Recipes and Stories

9 February 2017: The Art of Broth and the Comforts of Chicken Soup

February 9, 2017

Tags: Chicken Soup, Classic Southern Cooking, Classic American Cooking, Jewish Penicillin

My Chicken Noodle Soup
The deep belief in the healing power of chicken soup may well be one of the most universal concepts in the world’s cuisines.
No matter where on this globe one happens to be, if there are chickens in the barnyard and sick people in the house, there will be chicken soup in the pot. The details and flavorings that go into that pot will vary, depending on the culture and the cook, as will the age and size of the bird. It’s often called “Jewish Penicillin” in our country, but the faith in it as a curative really has no territorial or cultural boundaries.
The really interesting thing is how completely our strong emotional preferences with this soup give away our cultural background, a fact brought keenly home by a recent conversation with a culinary colleague and her academic historian husband. They both love to dabble in the cuisines of other cultures, but when it came to chicken soup, there was a line in the culinary sand, and her usual tolerance for his curious, exuberant experimenting ran dry.
When he tried adding rice, it was the last straw.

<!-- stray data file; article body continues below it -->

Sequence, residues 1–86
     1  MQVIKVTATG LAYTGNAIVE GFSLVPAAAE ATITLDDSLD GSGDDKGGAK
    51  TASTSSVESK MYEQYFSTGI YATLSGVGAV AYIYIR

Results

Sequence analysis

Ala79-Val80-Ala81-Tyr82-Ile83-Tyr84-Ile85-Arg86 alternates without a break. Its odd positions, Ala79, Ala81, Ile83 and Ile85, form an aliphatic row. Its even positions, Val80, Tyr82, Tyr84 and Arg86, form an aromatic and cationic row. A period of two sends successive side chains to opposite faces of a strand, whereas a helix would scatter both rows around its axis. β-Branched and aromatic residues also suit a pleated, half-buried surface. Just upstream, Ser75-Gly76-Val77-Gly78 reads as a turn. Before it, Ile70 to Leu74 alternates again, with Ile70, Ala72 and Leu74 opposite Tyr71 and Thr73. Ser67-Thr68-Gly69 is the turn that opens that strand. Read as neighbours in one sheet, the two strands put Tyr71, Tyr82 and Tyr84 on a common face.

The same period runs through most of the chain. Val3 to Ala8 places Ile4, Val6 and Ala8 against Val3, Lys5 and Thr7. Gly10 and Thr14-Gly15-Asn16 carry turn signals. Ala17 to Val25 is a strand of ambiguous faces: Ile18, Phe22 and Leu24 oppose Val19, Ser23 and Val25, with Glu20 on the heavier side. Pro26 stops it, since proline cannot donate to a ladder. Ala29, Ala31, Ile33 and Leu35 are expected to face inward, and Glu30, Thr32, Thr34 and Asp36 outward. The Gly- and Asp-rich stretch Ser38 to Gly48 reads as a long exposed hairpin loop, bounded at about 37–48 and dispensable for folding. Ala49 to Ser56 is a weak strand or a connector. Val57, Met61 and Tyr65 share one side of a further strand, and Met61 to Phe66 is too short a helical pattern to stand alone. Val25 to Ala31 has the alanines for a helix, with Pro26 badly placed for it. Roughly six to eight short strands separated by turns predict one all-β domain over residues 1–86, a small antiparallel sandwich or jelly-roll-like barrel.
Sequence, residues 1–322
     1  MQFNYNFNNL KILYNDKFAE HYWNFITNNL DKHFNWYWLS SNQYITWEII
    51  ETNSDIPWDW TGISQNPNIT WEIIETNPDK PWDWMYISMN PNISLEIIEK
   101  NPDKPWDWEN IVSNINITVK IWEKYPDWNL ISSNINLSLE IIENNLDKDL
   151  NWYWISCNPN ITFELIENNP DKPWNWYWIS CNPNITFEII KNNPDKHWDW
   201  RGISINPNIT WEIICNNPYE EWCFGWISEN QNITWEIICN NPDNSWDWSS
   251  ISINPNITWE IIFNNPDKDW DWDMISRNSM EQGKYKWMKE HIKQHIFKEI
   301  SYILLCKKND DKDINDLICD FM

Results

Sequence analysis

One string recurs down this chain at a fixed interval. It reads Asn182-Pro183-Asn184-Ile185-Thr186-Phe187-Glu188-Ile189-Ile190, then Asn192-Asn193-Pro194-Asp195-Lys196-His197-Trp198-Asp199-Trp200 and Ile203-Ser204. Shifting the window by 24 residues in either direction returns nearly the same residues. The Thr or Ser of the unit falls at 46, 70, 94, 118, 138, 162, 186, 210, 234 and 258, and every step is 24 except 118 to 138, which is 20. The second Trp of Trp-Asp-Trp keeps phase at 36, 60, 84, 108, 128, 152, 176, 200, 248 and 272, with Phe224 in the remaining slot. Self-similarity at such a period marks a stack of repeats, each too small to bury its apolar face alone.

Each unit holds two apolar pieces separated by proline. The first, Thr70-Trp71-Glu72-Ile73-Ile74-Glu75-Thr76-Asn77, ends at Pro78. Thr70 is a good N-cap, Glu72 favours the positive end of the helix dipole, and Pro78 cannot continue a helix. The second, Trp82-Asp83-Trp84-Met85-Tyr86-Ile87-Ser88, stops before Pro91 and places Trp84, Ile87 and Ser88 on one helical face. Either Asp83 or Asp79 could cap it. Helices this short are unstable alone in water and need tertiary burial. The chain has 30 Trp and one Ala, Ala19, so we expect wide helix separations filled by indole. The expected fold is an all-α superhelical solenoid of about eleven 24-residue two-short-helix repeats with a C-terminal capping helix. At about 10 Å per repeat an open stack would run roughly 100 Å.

“Rice!” she grumbled. “Can you imagine? Chicken soup is supposed to have noodles in it. Period!”
That pronouncement would be startling not only to many traditional cooks here in the lowcountry, where rice once was to the cuisine what pasta is to Italy, but to many a traditional Southern cook from the past: almost all the old recipes, from Old Virginia, Kentucky, and even western Georgia, included rice.
In my own childhood, I found myself embroiled in a similar battle of wills with my father, whose mountain-born Scots-Irish mother always enriched her chicken soup with milk. I’d be sick and want clear broth and noodles. Could I have that with the milk in a glass on the side? No, I could not: for my father, I needed nourishment, and nothing would provide that but his mother’s soup. And that was that.
It was a struggle that neither of us won, and to this day, I won’t eat chicken soup with milk or cream in it. When winter’s ailments do catch up with me—and sometimes when I just need comfort—only clear broth and noodles, its aroma made heady with lots of carrot, celery, onion, and ginger, will do.
Where that came from, I don’t know, since neither my mother nor my grandmothers made chicken soup like that, but never mind: It speaks to something deep in my soul.

Homemade Chicken Broth
Chicken soup worth having begins with homemade broth. Really: it doesn’t take a lot of time and absolutely no skill. Although it does have to simmer for hours, it does that mostly unattended, and putting it together, straining and degreasing it, all take just minutes.
Makes about 5 quarts

6 pounds chicken necks and backs, or 1 whole 6-pound stewing hen
6 quarts water
Salt
2 medium onions, peeled and thinly sliced
2 large carrots, peeled and thinly sliced
1 rib celery, with leaves attached, thinly sliced, but with leafy top left whole